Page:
As a lung cancer researcher and medical director of the Thoracic Oncology Program at the Swedish Cancer Institute in Seattle, Wash., Howard L. “Jack” West has made communicating with oncology specialists and patients part of his professional mission.
West founded the Global Resource for Advancing Cancer Education (GRACE), a nonprofit organization that grew out of an Internet-based information service that West founded in 2006. In an interview with OncologyLive, West discusses strategies for integrating emerging therapies into the treatment of patients with non-small cell lung cancer (NSCLC).
How do you form a personalized treatment plan for your patients with NSCLC?
You need to start with the stage of the cancer. Look at the histological subtype of the lung cancer, the bulk of it, the molecular features and whether there is a specific molecular marker that could change your treatment. Then, examine the characteristics of the patient: his or her health, goals and ability to tolerate aggressive treatment safely. There are a great many variables that affect and lead to individualization of the treatment path from one patient to another.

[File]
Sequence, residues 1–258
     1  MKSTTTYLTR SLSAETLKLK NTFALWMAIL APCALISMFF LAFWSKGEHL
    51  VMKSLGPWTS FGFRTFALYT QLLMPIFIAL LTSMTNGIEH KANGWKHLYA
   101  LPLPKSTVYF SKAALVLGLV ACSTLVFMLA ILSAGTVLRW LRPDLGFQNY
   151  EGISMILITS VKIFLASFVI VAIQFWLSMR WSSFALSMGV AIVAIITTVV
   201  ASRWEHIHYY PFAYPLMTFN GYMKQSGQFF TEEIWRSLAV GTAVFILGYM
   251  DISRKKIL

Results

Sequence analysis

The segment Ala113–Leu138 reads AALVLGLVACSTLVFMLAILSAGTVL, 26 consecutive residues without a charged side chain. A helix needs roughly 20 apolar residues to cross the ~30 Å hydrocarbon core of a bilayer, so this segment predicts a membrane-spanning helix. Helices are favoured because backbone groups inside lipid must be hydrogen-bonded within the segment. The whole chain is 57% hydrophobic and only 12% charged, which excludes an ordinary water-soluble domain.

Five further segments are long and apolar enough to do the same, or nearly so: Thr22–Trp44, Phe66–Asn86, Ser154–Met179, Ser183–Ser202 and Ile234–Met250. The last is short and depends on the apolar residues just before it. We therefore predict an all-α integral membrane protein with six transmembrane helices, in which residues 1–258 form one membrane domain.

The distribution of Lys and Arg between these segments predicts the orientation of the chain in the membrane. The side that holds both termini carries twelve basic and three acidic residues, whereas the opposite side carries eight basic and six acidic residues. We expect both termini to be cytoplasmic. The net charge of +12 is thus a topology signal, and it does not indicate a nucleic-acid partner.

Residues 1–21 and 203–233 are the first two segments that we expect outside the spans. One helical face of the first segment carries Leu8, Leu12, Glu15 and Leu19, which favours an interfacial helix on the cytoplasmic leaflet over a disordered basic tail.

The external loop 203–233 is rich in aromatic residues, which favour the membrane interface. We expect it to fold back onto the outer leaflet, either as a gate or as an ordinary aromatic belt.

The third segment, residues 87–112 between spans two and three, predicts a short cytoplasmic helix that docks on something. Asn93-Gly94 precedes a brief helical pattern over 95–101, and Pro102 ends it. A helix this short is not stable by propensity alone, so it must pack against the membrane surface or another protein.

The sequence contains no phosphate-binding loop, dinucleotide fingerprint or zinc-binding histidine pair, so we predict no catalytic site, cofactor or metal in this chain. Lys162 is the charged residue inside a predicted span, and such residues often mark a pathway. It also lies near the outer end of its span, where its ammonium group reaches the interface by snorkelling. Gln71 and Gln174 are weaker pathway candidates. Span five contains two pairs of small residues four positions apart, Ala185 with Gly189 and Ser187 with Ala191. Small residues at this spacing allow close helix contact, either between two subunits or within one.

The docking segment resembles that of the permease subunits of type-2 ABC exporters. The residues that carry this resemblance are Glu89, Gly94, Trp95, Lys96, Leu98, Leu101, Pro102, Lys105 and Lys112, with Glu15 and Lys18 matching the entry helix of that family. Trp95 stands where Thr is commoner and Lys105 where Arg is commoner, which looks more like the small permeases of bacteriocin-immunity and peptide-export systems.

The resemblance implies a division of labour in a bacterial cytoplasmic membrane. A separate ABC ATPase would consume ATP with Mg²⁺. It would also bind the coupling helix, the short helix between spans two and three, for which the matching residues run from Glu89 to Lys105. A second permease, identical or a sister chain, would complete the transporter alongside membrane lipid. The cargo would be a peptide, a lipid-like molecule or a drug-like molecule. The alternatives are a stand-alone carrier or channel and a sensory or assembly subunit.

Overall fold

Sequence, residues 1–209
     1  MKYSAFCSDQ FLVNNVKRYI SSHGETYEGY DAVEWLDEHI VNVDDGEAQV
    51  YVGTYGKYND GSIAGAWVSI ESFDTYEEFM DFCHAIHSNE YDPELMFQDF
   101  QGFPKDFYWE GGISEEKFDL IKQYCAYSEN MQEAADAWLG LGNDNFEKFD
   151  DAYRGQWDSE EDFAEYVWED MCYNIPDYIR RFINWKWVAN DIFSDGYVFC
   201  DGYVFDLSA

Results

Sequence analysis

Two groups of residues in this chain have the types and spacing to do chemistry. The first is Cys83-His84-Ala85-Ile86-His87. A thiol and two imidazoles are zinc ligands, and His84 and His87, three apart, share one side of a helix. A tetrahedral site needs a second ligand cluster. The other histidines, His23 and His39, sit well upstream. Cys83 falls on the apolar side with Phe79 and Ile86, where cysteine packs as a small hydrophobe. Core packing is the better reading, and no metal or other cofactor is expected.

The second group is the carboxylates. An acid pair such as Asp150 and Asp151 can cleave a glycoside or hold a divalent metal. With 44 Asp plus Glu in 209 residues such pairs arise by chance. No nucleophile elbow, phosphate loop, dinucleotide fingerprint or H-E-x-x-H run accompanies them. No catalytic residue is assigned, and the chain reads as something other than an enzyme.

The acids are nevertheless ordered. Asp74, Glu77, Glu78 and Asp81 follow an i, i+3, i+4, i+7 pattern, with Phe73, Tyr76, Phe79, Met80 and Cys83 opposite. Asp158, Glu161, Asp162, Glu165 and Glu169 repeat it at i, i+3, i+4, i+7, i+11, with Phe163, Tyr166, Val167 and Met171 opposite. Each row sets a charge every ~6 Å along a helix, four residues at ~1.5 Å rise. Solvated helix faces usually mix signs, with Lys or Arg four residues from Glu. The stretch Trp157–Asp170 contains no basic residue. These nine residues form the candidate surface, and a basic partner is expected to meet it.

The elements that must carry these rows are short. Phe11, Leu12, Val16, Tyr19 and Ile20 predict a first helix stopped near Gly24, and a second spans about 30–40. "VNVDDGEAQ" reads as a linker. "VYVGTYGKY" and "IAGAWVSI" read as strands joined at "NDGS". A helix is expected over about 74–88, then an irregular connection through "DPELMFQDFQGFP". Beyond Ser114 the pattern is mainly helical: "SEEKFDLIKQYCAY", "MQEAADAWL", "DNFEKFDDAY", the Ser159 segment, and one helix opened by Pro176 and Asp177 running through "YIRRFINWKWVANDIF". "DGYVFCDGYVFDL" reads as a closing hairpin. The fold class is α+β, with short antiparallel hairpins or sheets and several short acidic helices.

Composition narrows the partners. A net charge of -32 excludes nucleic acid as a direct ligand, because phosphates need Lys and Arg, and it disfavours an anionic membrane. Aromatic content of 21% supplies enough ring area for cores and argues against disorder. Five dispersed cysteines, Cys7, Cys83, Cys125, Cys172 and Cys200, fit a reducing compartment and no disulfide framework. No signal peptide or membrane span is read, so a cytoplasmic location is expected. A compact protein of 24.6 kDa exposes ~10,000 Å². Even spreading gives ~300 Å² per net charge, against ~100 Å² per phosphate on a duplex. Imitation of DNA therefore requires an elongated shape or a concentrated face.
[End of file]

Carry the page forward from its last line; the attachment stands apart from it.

What is the importance of histological subtyping and molecular characterization in deciding to treat with conventional or targeted therapy?
In the setting of advanced-stage disease, there is an early branch point for whether a patient has squamous or nonsquamous histology, with molecular testing being less clearly valuable and indicated for squamous lung cancer. Particularly for nonsquamous disease, especially adenocarcinomas, the presence or absence of an activating mutation, which is most commonly an endothelial growth factor receptor (EGFR) mutation or an anaplastic lymphoma kinase (ALK) rearrangement, is going to lead to an immediate diversion of the treatment plan between recommending first-line chemotherapy-based treatment and recommending a pill-based targeted therapy as the treatment most likely to lead to a beneficial effect for the patient.
Which first-line conventional and targeted therapies are preferred?
There are many different doublet chemotherapy regimens—that is, a two-drug combination—and they have largely shown an efficacy that is more similar than different. There are subtle differences that would often lead us to favor one doublet regimen over another, depending on the histology. You can have a preferred chemotherapy regimen, but they really come out quite comparably.
In terms of targeted therapies, however, you have EGFR inhibitor-based treatment, such as erlotinib (Tarceva) or afatinib (Gilotrif), which are FDA approved and extremely appropriate for first-line treatment of patients with an EGFR mutation.